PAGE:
An attic fire broke out in Spring Lake on Sunday morning.
A man that was missing from Vicksburg since Friday has been …
A man has suffered serious injuries after hitting a tree and …
A man is recovering after getting shot in the foot.
Updated: Monday, 26 Mar 2012, 6:22 PM EDT
Published : Monday, 26 Mar 2012, 12:15 PM EDT
OPELIKA, Ala (AP) - Alabama state troopers are searching for a sports utility vehicle involved in a hit-and-run collision that killed 32-year-old Grand Rapids native John Louis Simmons, 32, who was living in Phenix City.
Lee County Coroner Bill Harris said Simmons was struck between 5 a.m. and 6 a.m. Sunday while walking along U.S. 280/431 near Lee County Road 254 in the Salem area. A passing motorist found his body around 9:20 a.m. Sunday.
State troopers said they are looking for a 2000-2004 model GMC Yukon that may have damage to the right front headlight area.
The coroner said Simmons was a former serviceman stationed at Fort Benning in Georgia.
Simmons was being given a ride home from Auburn in the early morning hours on Sunday when he apparently got into an argument with the people he was with and got out of the vehicle. The coroner said Simmons appeared to be walking on the edge of the highway when he was struck.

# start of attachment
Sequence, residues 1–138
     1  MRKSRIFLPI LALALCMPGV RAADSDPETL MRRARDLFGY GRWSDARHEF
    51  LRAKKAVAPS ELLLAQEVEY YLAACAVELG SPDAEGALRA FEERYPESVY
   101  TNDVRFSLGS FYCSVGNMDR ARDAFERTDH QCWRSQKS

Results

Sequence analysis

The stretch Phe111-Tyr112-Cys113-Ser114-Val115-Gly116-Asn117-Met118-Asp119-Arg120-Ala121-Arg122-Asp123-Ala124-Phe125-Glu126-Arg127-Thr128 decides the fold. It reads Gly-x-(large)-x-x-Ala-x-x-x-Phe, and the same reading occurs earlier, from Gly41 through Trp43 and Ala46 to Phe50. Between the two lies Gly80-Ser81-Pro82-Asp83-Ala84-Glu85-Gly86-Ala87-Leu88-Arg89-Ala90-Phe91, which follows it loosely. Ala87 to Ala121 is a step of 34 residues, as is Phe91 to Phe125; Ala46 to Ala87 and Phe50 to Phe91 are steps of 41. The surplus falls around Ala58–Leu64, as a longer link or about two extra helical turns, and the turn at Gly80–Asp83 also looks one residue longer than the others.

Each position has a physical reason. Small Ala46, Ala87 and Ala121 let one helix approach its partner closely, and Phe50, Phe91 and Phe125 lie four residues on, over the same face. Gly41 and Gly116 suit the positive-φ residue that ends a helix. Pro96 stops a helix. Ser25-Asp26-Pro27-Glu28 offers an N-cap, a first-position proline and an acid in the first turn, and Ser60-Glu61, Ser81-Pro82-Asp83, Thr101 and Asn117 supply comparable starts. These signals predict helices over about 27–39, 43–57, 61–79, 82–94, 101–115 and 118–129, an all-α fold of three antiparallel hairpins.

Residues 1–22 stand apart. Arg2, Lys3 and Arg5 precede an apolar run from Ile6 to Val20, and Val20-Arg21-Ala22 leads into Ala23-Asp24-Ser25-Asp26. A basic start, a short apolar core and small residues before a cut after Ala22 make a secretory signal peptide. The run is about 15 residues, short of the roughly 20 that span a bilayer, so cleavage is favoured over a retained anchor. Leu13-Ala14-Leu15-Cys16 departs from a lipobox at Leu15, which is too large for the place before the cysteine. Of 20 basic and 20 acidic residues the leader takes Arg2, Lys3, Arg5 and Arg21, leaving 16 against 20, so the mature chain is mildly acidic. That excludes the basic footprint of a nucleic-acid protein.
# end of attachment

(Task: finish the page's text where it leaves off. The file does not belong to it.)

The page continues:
State troopers ask that anyone with information contact the Opelika State Trooper Post at 334.745.4651.
Simmons enlisted in the military when he was 21, his family told 24 Hour News 8, and thought of himself as a professional warrior. He served in the infantry and the 101st Airborne and completed three tours of duty in Iraq.
He left the military to care for his son in Alabama, where he was enrolled at Columbus State University . Family members said he planned to move back to Grand Rapids and then re-enlist.
"He was a great man," his brother Steve Simmons, said. "He servied his country. He did three tours in Iraq and he was going to enlist again. That's what his plan was when he was done with school."
He added, "He was my hero, that's for sure. I looked up to him my entire life. I tried to follow in his footsteps because he set a great example for me and his sister."
The Simmons family plans to bring his body back to Grand Rapids burial. The military, they said, declined to help because he was not on active duty when he died.
"He was the greatest man I've known in my entire life," his brother said. "I've looked up to him and I know everybody else, everybody loved him. I mean, he was such a lovable guy."
24 Hour News 8's Henry Erb contributed to this report.